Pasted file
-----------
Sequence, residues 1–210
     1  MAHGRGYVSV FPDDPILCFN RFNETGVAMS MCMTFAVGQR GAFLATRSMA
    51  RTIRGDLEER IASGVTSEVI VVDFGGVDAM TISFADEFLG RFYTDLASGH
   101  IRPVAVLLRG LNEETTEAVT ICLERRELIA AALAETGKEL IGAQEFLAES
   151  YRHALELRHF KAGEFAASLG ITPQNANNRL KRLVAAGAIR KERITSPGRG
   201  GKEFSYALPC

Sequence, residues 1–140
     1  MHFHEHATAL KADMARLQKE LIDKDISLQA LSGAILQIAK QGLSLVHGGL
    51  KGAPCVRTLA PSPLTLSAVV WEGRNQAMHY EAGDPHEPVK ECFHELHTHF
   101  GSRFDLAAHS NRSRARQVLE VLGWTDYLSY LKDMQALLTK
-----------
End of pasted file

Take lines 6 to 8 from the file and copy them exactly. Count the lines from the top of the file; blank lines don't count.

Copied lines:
   201  GKEFSYALPC

Sequence, residues 1–140
     1  MHFHEHATAL KADMARLQKE LIDKDISLQA LSGAILQIAK QGLSLVHGGL